I started climbing to where the dotted line starts on the map. There was no telltale sign yet on the hills of what I was heading towards, but the topographic map app I was using had a great feature where it rotates the map to the way I’m facing. That meant as long as the dotted line was in front of me on the map, then I was headed roughly in the right direction.
I started seeing some sheep. I remembered the note in the hut book about keeping away from the sheep so I did my best to avoid them as much as I could.
Dragging myself up nearly 600m of altitude was tough this late in the afternoon after not expecting to have to do it. And the sun was real hot, without any shelter anywhere. But eventually, I did come to another fence.
It was great to see this, because the fence was going up roughly to the location which I was trying to head to, and when people build fences they seem to typically build them on the least steep part of the hill possible. So I stayed as close to the fence as possible and dragged myself up to the top of the hill.
I’d reached the start of the Corner Peak Route! It was nearly 5pm by this point and I still had a long way to walk back down to Lake Hawea from 1400m up but at least now I was following an actual path with orange markers. The sign above says “No poled route to Corner Peak” and “Suitable for very experienced parties only”.
I’m experienced at hiking but not so much at climbing, so ultimately I was happy with my chosen path. Although looking back at the two peaks, I started to think again that I would like to have attempted going over the tops of the two peaks.
My next job was to get down. The trail was easy enough to follow (except for this first bit through this pile of rocks where I lost it a couple of times).
On the way down there were nice views…
But the path was consistently steep and did not let up.
Near the bottom of the route was actually the steepest part.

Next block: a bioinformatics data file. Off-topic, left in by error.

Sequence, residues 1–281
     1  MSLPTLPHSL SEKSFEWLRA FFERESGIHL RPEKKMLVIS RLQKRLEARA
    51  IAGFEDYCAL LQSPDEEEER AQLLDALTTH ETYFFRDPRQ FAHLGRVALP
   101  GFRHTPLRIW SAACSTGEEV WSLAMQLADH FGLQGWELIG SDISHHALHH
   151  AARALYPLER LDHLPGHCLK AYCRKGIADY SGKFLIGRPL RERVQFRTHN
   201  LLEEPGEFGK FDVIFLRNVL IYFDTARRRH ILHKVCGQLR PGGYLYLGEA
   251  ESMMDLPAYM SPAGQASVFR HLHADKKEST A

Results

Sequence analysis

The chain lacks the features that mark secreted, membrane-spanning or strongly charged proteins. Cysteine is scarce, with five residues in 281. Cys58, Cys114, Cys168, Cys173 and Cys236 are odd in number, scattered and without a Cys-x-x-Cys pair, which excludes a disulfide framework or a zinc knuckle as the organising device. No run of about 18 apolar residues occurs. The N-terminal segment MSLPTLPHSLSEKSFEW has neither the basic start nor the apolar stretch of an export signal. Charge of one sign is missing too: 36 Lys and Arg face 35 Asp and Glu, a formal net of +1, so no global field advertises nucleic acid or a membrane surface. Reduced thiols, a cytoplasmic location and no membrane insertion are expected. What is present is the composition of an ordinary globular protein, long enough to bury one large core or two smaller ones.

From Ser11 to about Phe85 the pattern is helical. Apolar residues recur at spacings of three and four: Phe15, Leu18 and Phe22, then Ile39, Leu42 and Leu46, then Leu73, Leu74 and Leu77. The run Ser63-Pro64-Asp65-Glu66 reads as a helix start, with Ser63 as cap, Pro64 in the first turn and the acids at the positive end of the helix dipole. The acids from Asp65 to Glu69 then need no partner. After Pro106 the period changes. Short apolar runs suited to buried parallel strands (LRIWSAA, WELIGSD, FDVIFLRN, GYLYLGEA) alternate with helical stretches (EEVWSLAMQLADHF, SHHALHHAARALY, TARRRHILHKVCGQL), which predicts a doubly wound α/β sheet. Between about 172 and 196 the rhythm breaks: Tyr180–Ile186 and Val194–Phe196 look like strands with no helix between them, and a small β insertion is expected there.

I was very glad there was no more elevation gain though. I was very glad I didn’t have to haul myself back up this hill.
From here I joined the Timaru High River Track. It was surprising to see it was 4WD standard.
I found a small bit of flat land in the trees nearby and set up my tent. I was very sore and it was nice to lie down and eat the last of my food.
Today was a very fun adventure but I wondered several times if I’d pushed myself too far. It’s over now though, and I can rest knowing that I’m not going to die up in the mountains this time!
Today's walk on the map (blue = Te Araroa, red = today's walk):
DAY 4 (5 February 2023)
Total distance: 15.3km
The last day was a shorter day, almost entirely walking the road back to Lake Hawea.
I had packed up and left by 7:30am and I thought perhaps I might encounter somebody in this carpark going back to Lake Hawea township who might want to give me a ride, but no people were around.
In fact, for the two hours I spent walking the road, not a single car passed me going back to the town – and there were only two cars on the road in total going in the other direction.
I stopped in and had breakfast at the only cafe in Lake Hawea (which is where I stopped recording my walk). I didn’t spend long there because I went from spending almost 48 hours without seeing any other person, to being in what felt like the loudest cafe in the world. It really was sensory overload for me so I had my breakfast quickly and made my way to the only campground in town to set up camp.
Today's walk on the map (blue = Te Araroa, red = today's walk):
Once I’d set up my tent, it rained for most of the rest of the day, so I spent the time just resting. My bus back to Queenstown was not until the next day.
The rain was kind of a drizzle all day, but it rained so hard nearby on the West Coast near Haast that a lot of buses were cancelled, including the bus I was meant to take tomorrow, due to slips! The next day, to get back to Queenstown, I actually ended up hitchhiking from Lake Hawea to Wanaka and then caught a different bus from there. That was very easy though, it took only 10 minutes in the morning to get a hitch from a nice lady who lived in Hawea and worked in Wanaka.
Thanks very much for reading. I hope this has inspired you to go and find Moonlight & Roses Hut yourself one day, or if not, go and find some other hut at least! If you have been to this hut before, I’d love to read your comments.
Today's walk on the map (blue = Te Araroa, red = today's walk):